However, the collapse of the Hispanic-Goth monarchy gave way to the Reconquest, where Christians in the northern part of the mainland founded their own kingdoms and monarchies.
They governed spaces and recovered the mainland from the Muslims with the objective of fully restoring power to the Spanish.
Chivalry was already known in Spain when Frankish knights fought to protect the pilgrims at the tomb of apostle James of Campstella in Galicia during the 10th century.
This was introduced to the Spanish knights who fought during the 2nd century of the Reconquista.
Chivalry among knights flourished to a great extent after. However, the chivalry of the Spanish knights cannot be totally associated with Military Orders of Knighthood as it was conflicted whether the knights were directed by royalty or by the Pope.
Spain had several contrasting cultures that had evidently, one way or the other influenced its music, especially during the medieval period. This coexistence of a varied cultural landscape and musical influences in the peninsula resulted in a unique blend of music.
The Visigoths developed their own kind of music which became the very first form of Medieval Spanish Music. The traditions of Spanish medieval music survived long after the fall of the monarchs and the Hispanic Rites in favor of the Roman Rites.
However, the kind of music which were developed along the parallel lines of the church, the people, and literature prevailed.
The Arabs had quite an influence on Spanish cuisine. They had introduced new plants like lemons, pomegranates, and eggplants. They also coloured food during the medieval period.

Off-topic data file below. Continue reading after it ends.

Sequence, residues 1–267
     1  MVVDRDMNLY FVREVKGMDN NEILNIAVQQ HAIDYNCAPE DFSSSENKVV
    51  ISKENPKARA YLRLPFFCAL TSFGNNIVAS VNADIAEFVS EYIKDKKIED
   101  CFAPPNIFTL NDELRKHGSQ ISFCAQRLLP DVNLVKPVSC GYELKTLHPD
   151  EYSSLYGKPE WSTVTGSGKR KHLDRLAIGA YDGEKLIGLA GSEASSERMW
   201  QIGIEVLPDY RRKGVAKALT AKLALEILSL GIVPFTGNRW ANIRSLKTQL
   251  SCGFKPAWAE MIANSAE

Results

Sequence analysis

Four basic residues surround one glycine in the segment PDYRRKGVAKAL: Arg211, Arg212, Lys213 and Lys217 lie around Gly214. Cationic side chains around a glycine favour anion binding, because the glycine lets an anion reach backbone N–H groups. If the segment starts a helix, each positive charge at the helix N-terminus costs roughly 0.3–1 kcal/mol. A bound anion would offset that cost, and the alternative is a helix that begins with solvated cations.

The Arabs also passed on other cooking techniques and these techniques were gradually spread to the northern regions.
Because of the Iberian Peninsula’s highly diverse geography, several distinct cultures existed in the region, and various unique cuisines also existed. Spain has been a great colony of Mediterranean cuisine.
Like a lot of things in the Middle Ages, clothing was dictated by the feudal system. The clothes worn in the medieval period reflected the status of the person wearing them.
The basis for clothing in medieval Spain was regular tunics and loose outer wraps, especially for Muslims. However, there may be considerable variations depending on region, ethnicity, and class. Spanish peasants wore tunics.
Soldiers wore scarlet capes which were similar to the ones Christians wore in the northern part of Spain.
Spain was the first Atlantic Empire that established sugar plantations in the Americas. When Spain began to colonize what was known as the Americas, it also aimed to exploit the New World’s valuable resources such as gold and silver.
A number of Spanish settlers found dominance in the lives of the peasant class who were primarily Indians and Africans.
Spain tried to create what they referred to as an inclusive society however, this society caused the downgrade of Indians and Africans into many inferior states and eventually down to slavery.
Spain forced the people to work in mines granting them only a few rights and very little autonomy. And right after the system had depleted the minerals on the island, Spain sent more explorers westward.
After the last reigning Gothic king, Pelayo become one of the earliest Spanish heroes who reigned after the Muslim role. These refugees had lain the foundation for modern Spain.
The second kingdom of Navarre which was founded by Garcias Iniguez entered and subdued the realm. The Spanish people regained Spain back and conquered even more colonies after.
They began with the northern part of the peninsula, close to France moving towards the south.
Spain has gone through a lot since. After several years of fighting, Spain finally reunited under the rule of King Ferdinand and Queen Isabella when they united forces and took back Grenada from the Moors in 1492, thereby ending the Reconquista.
Right after the Reconquista, the Muslims and Jews who lived in Spain were converted to Christians. Otherwise, they were expelled from the country.